I decided to use Fargo.io to write the previous post, since it was a long and complex piece with a lot of hierarchical structure. Lots of lists, etc. Let me preface by saying this is wonderful functionality and I am very excited about it, not least because it provides inherent backup of blog posts to dropbox.
That said, there are various issues that need refining. Here are some of my observations:
Fargo only selects the current heading and subheadings for the post. It will use the current heading as title and subheadings as the post content. This is not optimal; by default, Fargo should use the title of the entire outline as the post title and the entire outline body as the post body. I had to create a redundant heading and demote the entire rest of the outline underneath it to get it to work properly.
Headings and subheadings correctly use LI tags, but they force the CSS attribute “list-style-type” to “none”. In a blog post, you want the natural LI icons to appear and not be suppressed.
When exporting from Fargo to WordPress, adding paragraph tags is redundant, as WordPress renders the post content with them automatically. P tags should be stripped out when publishing to WP.
Likewise, there is no need for any additional class names (liConcord, pConcord, liLevel3, etc). All style is handled by WordPress themes and this CSS clutters the post content. We should not have any default styles added by the composer – clean HTML only, no CSS.
Numbered lists are not recognized by Fargo – I used a 1. 2. prefix but this does not create OL list type at the HTML end. Auto-detection of numbered lists is a must-have feature.
Entering new headings above the current one should be possible by placing the cursor at the start of a heading and pressing Enter. Currently, this opens a new heading below, not above.
Images are not supported. In fact if you add an image via the wordpress interface and then later edit the post again with Fargo, you will lose your images (it will overwrite the edits.)
Finally, it is not possible to copy and paste multiple headings and subheading content from the outliner. You can only select one heading at a time. There should be a plaintext export feature at the very least (with whitespace tabs for the indentation levels).
I don’t want to discourage Dave and the fine folks at Small Picture or seem overly picky. These are however important issues that affect a wordpress blogger’s workflow – I loved composing the post in Fargo but now I will have to re-edit the post after I publish to add images, strip out the CSS, etc. Due to that drawback, there isn’t a net value-add to using Fargo for WP blogging, yet. But there is so much potential here that I am very hopeful.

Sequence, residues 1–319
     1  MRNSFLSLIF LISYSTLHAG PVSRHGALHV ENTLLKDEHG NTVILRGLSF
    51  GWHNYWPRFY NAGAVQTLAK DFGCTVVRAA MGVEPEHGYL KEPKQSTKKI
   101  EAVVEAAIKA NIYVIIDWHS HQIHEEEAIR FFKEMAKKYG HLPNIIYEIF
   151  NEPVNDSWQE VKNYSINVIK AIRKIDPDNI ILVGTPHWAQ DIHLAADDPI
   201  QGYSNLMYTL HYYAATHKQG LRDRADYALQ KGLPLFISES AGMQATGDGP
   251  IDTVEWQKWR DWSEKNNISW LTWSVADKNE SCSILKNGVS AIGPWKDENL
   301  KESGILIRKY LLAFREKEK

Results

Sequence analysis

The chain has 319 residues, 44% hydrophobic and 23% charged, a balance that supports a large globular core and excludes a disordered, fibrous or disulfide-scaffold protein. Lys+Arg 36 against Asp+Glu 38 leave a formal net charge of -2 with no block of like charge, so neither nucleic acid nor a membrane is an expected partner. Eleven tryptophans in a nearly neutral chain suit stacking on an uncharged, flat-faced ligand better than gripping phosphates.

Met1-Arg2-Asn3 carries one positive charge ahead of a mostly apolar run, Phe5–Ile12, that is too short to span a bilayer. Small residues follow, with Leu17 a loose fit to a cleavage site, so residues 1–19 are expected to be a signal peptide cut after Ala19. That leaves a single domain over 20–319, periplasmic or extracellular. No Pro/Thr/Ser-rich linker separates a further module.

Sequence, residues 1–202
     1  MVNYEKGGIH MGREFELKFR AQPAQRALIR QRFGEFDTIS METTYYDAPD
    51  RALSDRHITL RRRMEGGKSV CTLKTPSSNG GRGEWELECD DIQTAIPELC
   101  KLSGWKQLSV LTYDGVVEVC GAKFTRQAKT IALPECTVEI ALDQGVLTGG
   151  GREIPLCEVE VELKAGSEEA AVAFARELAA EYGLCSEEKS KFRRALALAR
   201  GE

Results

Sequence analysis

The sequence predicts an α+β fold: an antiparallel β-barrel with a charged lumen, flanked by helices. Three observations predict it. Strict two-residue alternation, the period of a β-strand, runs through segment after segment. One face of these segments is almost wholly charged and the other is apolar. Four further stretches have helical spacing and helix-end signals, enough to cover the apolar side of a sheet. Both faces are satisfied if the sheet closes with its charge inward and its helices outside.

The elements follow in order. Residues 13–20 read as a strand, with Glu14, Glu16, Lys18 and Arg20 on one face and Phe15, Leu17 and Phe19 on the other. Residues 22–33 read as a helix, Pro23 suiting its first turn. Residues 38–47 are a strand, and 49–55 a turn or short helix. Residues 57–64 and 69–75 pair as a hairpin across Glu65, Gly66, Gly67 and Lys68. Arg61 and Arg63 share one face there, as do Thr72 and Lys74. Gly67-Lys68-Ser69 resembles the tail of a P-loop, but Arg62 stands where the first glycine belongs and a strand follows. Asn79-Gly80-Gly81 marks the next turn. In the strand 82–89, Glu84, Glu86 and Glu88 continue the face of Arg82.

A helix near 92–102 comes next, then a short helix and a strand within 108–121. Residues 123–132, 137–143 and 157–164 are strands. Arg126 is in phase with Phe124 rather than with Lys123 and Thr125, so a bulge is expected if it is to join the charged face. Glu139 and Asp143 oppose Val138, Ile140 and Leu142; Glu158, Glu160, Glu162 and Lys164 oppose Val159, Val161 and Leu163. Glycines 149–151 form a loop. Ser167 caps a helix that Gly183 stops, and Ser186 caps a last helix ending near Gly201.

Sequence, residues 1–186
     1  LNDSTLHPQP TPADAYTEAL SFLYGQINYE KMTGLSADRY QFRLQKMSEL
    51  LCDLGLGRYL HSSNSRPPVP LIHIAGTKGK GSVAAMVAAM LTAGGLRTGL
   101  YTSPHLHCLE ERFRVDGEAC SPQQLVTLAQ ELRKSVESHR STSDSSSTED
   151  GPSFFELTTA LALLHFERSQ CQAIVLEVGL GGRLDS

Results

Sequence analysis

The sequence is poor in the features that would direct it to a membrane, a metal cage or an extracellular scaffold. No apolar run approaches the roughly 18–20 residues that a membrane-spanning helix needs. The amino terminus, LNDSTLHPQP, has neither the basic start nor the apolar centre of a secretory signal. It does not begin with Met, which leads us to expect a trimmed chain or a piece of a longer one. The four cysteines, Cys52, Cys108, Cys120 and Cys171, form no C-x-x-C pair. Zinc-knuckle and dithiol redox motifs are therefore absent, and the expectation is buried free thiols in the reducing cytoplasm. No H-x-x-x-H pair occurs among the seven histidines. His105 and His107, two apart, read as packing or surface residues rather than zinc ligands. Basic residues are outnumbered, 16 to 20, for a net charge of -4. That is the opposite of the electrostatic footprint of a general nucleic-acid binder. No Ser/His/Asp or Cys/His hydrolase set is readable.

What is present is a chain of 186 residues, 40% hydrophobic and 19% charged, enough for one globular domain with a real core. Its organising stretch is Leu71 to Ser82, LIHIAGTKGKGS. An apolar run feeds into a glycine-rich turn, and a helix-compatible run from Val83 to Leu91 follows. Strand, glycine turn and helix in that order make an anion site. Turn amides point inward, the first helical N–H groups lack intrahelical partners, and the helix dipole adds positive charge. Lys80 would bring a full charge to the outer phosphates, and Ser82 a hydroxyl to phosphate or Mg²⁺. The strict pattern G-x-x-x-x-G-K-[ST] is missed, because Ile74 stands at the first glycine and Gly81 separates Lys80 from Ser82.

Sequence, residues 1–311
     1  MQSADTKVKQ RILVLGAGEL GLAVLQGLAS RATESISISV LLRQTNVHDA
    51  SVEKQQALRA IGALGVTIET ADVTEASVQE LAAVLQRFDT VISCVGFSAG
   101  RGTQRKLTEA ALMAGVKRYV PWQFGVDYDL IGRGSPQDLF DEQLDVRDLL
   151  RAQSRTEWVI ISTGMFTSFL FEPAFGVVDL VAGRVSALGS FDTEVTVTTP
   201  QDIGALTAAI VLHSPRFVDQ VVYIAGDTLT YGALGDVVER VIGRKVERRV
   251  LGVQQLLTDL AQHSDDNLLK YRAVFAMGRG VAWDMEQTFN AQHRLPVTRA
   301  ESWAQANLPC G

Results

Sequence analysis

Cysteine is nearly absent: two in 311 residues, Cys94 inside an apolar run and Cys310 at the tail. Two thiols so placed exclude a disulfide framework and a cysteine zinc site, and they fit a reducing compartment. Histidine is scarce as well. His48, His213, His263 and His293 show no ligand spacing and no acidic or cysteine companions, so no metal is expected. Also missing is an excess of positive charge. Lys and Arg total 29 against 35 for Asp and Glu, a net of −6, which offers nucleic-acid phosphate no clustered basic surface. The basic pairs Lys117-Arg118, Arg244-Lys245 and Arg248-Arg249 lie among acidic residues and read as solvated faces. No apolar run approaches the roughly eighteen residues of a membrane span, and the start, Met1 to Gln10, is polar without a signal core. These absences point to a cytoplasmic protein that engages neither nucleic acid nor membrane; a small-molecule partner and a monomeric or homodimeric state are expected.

UPDATE: Dave responded to this post on Twitter:
@azizhp — Aziz, I still think we made the right choices, and if you use the product you will come to agree with them.
I am uncertain if Dave understood my critique – I was not asking for changes to Fargo’s user interface, but rather the formatting that is generated when exporting from Fargo to wordpress. I am happy to embrace the Outliner Way when composing, but Fargo imposes metadata on WordPress above and beyond outline structure. That metadata is not central to the user experience of Fargo si Iam baffled by Dave’s insistence that there’s no reason for change.
At any rate, I will certainly keep using Fargo for other purposes, but if the wordpress functionality is frozen at the current state then I cannot recommend Fargo as a WordPress authoring tool. I am still optimistic for Dave’s promise of Evernote support.
It’s the post-PC era, where we use apps and mobile phones and tablets and ultra-books, e-books, iBooks, and Nooks. We Kindle and we Hulu and we tweet and tumblr and like. Everything is in a cloud somewhere. This is quite a change from the halcyon days of when computing meant sitting down at your computer and launching a program to do something; now all it seems we do (if you live in the digerati echo chamber, that is) is consume and critique.
Most of the other tweets just repeat the author’s assertion that Word is “cumbersome, inefficient, and a relic of obsolete assumptions about technology.” The tweets above are useful in that they are explicit in their counter-assumptions about technology; namely, that the only real writing happens on the Web. It’s certainly true that using Word for simple text like email or blog posts is overkill, in much the same way that using a jet engine to drive your lawnmower is overkill. What’s peculiar is that rather than using simpler tools for their simpler tasks, these people have declared that the more complex and capable tool is “obsolete” and “must die”. This attitude betrays a type of phobia towards technology that I suspect has grown more prevalent as our technology interfaces have become increasingly more “dumbed down”.
In actuality, most of the writing in the real world is the complex variety that requires more than a few buttons for bold, italics and blockquote. Ask any lawyer writing a brief, a scientist writing a grant, or a student writing a dissertation how useful Word is and you’ll get a very different perspective than that of people writing tweets about how Word is too complicated for their blogging. Scocca himself acknowledges that he used Word when he wrote his book, which is a pretty telling reveal that completely undercuts his argument that Word has outlived its utility.